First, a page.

imported from the south, but Glorfindel declined to sample them.
Elrond busied himself with the escort, talking and laughing with
them while Erestor and Glorfindel shared the brief repast in
semi-silence before taking to the road again. The seneschal, he
noted, looked tired.
The only incident of note occurred about an hour after lunch. The
road passed through a place where a tree-topped cliff towered on the
landward side with a steep, unbroken drop to the ocean on the right.
The setting epitomised danger. Glorfindel’s hand dropped to his
sword with an instinct born of experience. His escort, however, rode
into the shadow of the overhanging rocks chatting casually, strung
out untidily along the road. Only the standard bearers maintained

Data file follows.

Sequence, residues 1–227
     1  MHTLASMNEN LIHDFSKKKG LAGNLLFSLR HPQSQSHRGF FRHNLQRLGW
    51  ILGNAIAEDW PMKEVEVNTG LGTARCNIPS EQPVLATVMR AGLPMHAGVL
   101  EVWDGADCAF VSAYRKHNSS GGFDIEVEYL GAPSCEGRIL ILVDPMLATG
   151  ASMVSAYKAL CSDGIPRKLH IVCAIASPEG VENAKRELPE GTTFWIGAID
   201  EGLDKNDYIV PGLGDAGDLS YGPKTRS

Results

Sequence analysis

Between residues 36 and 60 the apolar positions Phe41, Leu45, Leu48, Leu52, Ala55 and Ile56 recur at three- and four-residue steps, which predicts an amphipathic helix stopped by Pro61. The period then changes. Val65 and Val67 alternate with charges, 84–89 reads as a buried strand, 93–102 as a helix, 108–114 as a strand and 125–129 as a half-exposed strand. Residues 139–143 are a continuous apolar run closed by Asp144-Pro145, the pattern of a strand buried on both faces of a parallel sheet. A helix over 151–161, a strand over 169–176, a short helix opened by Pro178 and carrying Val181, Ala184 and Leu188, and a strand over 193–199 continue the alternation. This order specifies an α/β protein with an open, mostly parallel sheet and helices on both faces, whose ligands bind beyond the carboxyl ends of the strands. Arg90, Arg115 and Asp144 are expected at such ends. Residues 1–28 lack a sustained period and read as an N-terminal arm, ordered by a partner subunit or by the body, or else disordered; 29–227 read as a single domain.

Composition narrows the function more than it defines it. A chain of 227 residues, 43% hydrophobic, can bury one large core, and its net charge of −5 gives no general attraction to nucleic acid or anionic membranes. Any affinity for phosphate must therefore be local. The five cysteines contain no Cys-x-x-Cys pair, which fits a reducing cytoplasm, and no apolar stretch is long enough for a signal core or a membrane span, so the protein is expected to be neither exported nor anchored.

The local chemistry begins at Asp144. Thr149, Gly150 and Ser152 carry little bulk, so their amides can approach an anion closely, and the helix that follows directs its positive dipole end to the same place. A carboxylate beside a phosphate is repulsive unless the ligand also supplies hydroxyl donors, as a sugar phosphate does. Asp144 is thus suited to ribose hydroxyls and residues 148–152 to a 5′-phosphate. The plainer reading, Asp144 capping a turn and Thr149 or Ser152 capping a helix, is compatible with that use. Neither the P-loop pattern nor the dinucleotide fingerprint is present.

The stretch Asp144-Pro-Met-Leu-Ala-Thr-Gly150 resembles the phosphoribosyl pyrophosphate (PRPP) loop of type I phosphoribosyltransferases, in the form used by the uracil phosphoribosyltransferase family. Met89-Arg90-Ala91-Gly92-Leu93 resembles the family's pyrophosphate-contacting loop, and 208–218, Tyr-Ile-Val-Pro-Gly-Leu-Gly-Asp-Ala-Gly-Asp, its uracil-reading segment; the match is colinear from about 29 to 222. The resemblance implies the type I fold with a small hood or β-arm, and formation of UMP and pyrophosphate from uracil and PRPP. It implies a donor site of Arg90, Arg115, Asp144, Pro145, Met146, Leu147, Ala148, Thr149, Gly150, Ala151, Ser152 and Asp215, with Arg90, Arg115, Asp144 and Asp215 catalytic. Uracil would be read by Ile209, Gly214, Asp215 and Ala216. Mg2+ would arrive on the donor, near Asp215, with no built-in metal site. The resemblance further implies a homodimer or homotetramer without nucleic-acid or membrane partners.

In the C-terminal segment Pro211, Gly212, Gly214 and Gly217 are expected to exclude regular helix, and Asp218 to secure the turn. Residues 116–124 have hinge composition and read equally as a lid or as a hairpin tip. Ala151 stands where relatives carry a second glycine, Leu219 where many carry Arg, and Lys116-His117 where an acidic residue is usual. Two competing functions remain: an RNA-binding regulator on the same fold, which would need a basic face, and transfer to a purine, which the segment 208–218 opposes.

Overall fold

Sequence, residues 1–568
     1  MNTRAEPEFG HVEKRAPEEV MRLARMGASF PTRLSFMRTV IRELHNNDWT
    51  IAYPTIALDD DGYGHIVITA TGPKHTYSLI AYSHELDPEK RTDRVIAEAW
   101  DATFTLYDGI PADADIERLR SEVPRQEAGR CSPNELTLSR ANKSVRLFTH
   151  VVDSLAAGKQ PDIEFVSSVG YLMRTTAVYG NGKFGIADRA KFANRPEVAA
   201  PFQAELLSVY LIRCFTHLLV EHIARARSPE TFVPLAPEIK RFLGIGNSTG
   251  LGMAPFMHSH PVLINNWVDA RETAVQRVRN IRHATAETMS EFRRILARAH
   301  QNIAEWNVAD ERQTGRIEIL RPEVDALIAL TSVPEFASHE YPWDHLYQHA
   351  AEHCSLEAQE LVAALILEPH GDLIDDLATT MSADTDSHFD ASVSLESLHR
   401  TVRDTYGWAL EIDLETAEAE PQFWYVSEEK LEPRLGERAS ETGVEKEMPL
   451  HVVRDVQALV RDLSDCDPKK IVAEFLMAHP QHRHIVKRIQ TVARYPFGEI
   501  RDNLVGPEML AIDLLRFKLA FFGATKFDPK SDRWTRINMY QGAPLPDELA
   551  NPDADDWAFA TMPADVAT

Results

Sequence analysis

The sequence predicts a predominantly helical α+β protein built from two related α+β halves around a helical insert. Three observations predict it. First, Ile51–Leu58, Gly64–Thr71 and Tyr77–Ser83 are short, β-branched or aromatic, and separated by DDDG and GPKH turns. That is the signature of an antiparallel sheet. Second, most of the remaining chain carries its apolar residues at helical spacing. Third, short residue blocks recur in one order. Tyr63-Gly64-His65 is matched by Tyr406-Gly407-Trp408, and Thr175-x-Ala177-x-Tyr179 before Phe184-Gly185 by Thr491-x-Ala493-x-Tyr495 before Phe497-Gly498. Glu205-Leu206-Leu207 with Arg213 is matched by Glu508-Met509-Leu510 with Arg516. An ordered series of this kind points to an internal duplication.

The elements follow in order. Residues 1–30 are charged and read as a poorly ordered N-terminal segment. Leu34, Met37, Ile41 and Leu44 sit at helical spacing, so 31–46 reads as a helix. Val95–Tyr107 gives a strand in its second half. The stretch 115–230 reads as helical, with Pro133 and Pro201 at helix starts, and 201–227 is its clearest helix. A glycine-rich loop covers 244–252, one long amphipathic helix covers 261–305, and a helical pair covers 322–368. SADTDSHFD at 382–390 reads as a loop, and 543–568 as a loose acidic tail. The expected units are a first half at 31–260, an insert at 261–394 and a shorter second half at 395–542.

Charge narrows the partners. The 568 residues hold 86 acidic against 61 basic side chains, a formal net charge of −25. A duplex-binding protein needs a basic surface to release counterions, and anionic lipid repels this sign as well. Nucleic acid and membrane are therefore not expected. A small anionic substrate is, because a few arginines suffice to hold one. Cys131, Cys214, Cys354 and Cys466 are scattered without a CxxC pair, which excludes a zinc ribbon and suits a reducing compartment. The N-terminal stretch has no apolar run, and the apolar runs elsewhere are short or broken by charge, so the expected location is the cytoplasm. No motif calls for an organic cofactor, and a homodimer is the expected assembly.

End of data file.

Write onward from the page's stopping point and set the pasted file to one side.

“You, tighten up there!” The words were out before he had even
thought to speak. “You are not a bunch of untrained farmers - even
if your arms suggest it. Keep your form.”
He became aware of Elrond speaking to one of the riders in an
undertone and of Erestor's amber eyes on him as the elves fell
silent and shuffled into some semblance of formation. He felt a
flush of embarrassment rising into his face. He had been out of line
there and he knew it. These were not his warriors to order; he had
merely responded to the habits of over half a lifetime.
It was on the tip of his tongue to apologise, but he suspected it
would only add to the discomfort he sensed around him. And he really
was not all that sorry. The display had been shoddy. An enemy hiding